The social, cultural and literary landscape of women’s writing in Bengal has seen a mojor transformation over the last one hundred years. Both style and content reveal the extent to which their worlds have changed, subtly
and dramatically, even as the writing itself itsself becomes simultaneously, creative and political.
An astonishing variety of thesmes is present in this anthology as it grapples with, among other things, same-sex love, business enterpreneurship, love outside marriage, and the death of parents. Daughter, wife, sister, mother—the woman who has lived through the past century appears here in her many avatars. We see her making moral choices in the midst of wartime deprivation, and gripping her sister’s hand even as international border politics deny their relationship. She tries to come to terms with the changes in her environment, as her children accuse her of being incapable of moving with the times—even Ma Durga, it seems, is not exempt.
With occasional forays into the ghost story and the fable, this collection maps the bold contours of a broad but uneven terrain, with all the surprises and excitement this promises.
Radha Charkravarly teacher’s literature at Gargi College, University of Delhi. She is the author of Feminism and Contemorary Woman Writers: Rethinking Subjectivity. Her books in translation include Bankimchandra’s Kapalkundala ; Tagore’s Chokher Bali; Farewell Song: Shesher Kabita; Gora; Boyhood Days and The Land of Cards: Stories , Poem& plays for Children; Mahasweta Devi’s IN the Name of the Mother: Four Stories , and the anthologpy crossing: Stories from Bangladesh and India. She has edited Boymaps: Stories by South Asian Woman, and is currently co-editing. The Essential Tagore for Visva Bharati and Harvard.
I am grateful to all the authors who allowed me to translate their work for this book, and to the publishers who gave permission for reprints. I thank the editorial team at Women Unlimited for their painstaking work on the manuscript, and Neelima Rao for the cover design. Most of all, Iappreciate the support and encouragement of my family and friends, for without them this book would not have been possible.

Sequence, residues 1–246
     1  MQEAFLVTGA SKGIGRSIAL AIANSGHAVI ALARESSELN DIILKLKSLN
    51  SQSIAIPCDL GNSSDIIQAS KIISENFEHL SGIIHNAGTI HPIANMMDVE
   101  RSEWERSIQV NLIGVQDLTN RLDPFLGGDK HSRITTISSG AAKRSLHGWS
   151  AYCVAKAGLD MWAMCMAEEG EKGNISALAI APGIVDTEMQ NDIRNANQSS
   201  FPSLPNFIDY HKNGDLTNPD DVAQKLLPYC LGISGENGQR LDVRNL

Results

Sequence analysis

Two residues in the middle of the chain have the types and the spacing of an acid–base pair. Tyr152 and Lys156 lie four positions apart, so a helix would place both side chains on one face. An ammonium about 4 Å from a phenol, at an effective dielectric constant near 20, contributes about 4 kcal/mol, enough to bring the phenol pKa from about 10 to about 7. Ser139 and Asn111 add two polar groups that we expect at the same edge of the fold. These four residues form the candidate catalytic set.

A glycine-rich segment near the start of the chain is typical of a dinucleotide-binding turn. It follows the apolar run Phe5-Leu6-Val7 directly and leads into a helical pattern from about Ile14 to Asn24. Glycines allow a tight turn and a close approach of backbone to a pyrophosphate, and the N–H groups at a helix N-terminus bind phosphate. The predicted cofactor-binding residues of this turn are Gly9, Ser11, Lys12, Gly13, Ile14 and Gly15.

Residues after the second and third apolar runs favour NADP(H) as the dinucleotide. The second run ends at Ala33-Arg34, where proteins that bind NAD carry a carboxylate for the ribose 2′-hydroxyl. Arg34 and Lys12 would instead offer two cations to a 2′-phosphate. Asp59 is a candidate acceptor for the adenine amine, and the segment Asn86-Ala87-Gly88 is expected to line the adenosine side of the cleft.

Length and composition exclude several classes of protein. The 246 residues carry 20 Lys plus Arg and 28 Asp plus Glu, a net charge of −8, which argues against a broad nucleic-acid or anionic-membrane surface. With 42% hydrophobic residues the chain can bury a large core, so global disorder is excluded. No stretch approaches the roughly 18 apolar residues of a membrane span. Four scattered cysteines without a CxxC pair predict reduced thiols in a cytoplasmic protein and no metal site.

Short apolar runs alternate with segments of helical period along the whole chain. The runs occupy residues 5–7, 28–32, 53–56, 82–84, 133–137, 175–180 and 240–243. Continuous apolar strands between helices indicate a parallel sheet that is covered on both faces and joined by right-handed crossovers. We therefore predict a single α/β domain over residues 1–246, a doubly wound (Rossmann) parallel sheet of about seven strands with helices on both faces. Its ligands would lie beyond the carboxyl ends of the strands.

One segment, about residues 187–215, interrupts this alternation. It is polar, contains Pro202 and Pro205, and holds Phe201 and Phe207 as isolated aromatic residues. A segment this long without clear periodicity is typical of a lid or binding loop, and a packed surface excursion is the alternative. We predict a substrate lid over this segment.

Women’s relationship with history and literature has never been simple or straightforward. For the women of Bengal, writing is simultaneously creative and political, a literary venture that is also a quest for voice, identity and self-expression. The present collection explores the ways in which Bengali women, over the last hundred years 1900-2000 , have negotiated their search for freedom through their experiments with the short story, a literary form ideally suited for this blend of the aesthetic and the political. Bengali women’s fiction is not monolithic; rather, it is heterogeneous, fragmented and marked by difference along varied social axes, for differences of class, caste and community offer women uneven access to the literary field. The stories in this volume map this disparate history, a narrative with many disjunctions.
The history of the Bengali short may be traced back to oral sources such as legends and folk tales, as well as written sources like the Ramayana and Mahabharat and narrative poem such as the Mangalkavyas. From the eighteenth century onwards, the encounter with colonial culture gave rise to new genres like the novel and the novella. Other indigenous narrative forms prevalent at the time included the churnak (anecdote), akhyan (fable) and naksh(portrait). Although it drew upon all these modes, the short story evolved into a genre in its own right; unlike the novel, it was not a form imported from the “West” , even though it was open to European influences. As traditional storytellers, women found this form congenial, for it provided a bridge between the oral and the written word, as well as between private and public realms.
The earliest Bengali short stories were published in the 1870s. The pioneers were Bankimachandra Chatterji’s brothers, Purnachandra and Sanjeevchandra, who published “Madhumati” (1873) and “Damini”(1874) respectively. Rabindranath Tagore’s first short story “Bhikarini” was written in 1877; between 1873 and 1890 the short story flourished in the many influential periodicals of the time, which both promoted and determined the trajectory of this form.